The relationship of nursing staff to the hospitalization of nursing home residents§

Authors

  • Frederic H. Decker

    Corresponding author
    1. National Center for Health Statistics, Centers for Disease Control and Prevention, 3311 Toledo Road, Room 3435, Hyattsville, MD 20782
    • National Center for Health Statistics, Centers for Disease Control and Prevention, 3311 Toledo Road, Room 3435, Hyattsville, MD 20782.
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  • This is a U.S. Government work and, as such, is in the public domain in the United States of America.

  • The views presented in this paper are those of the author and do not necessarily reflect those of the government agency or its officials.

  • §

    The author thanks Robin Remsburg, Sandra Decker, Anita Bercovitz, and Jennifer Madans at the National Center for Health Statistics, as well as the reviewers of Research in Nursing and Health, for their comments on earlier versions of the manuscript.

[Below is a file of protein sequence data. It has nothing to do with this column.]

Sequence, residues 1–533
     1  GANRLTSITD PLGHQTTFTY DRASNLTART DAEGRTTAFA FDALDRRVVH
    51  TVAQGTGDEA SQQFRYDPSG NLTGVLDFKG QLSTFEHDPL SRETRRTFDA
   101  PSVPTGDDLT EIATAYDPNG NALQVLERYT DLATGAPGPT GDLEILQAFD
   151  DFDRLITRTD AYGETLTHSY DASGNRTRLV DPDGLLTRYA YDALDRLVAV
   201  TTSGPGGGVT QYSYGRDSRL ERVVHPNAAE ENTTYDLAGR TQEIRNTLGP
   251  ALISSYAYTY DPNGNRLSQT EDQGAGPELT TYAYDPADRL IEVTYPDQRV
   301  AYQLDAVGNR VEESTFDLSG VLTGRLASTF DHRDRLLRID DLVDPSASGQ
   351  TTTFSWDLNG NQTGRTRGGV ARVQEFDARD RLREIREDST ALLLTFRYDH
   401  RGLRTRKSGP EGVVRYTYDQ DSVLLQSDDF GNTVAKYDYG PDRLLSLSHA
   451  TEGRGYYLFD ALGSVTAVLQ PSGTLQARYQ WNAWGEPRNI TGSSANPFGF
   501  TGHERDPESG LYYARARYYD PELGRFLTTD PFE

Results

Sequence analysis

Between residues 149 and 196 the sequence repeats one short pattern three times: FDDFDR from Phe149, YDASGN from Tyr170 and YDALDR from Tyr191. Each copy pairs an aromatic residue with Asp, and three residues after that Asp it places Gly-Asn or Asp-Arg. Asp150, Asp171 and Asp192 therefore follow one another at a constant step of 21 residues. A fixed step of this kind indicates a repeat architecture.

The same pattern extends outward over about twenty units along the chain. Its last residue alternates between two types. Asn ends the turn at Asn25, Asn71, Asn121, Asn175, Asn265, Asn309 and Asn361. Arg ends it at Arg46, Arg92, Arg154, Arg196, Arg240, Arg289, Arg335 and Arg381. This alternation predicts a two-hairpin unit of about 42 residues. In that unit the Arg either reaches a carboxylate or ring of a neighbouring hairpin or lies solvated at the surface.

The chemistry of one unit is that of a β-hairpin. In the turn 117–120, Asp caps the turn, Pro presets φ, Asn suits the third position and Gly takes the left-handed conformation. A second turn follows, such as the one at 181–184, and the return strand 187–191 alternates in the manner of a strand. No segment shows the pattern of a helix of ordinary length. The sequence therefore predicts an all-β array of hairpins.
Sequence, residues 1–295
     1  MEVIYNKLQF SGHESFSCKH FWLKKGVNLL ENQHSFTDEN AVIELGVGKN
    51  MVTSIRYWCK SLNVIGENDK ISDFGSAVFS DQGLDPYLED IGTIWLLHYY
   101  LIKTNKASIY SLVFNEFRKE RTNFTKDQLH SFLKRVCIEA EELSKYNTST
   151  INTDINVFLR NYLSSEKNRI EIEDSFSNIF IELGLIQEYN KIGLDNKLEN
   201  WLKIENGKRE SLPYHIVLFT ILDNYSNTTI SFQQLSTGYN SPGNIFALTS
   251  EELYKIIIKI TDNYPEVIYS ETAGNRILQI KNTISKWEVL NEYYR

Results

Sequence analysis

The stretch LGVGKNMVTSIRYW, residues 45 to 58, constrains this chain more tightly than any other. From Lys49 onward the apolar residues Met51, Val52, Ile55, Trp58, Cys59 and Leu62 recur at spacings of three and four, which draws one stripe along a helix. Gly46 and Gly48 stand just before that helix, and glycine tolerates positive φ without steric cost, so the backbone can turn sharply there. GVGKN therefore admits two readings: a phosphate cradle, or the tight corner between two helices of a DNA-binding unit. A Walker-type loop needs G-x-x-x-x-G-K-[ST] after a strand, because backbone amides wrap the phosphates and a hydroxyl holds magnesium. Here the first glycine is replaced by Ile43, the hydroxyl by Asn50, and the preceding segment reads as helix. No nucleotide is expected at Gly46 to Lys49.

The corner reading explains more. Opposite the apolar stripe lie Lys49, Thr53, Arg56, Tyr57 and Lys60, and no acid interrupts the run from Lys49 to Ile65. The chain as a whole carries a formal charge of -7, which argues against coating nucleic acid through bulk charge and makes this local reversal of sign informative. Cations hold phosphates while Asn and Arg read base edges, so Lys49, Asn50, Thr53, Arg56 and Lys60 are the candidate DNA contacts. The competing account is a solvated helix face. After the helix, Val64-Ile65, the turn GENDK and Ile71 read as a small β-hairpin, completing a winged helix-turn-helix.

Abstract

Researchers have found registered nurse (RN) staffing unrelated to the prevention of hospitalizations of nursing home residents. Although most nursing home admissions are from hospitals, their studies involved residents who probably were not admitted from hospitals. In this study I examined data on 6,623 discharges of nursing home residents admitted or not admitted from a hospital. For patients with longer stays (>30 days), higher RN staffing levels in nursing homes reduced hospitalizations only for residents admitted from hospitals. Higher RN levels reduced hospitalizations more than higher licensed nurse levels or skill mix. Only among longer-stay residents not admitted from hospitals was RN staffing unrelated to hospitalizations. Researchers may have found RN staffing unrelated to hospitalizations because samples were primarily longer-stay residents not admitted from hospitals. Published 2008 Wiley Periodicals, Inc. Res Nurs Health 31:238–251, 2008

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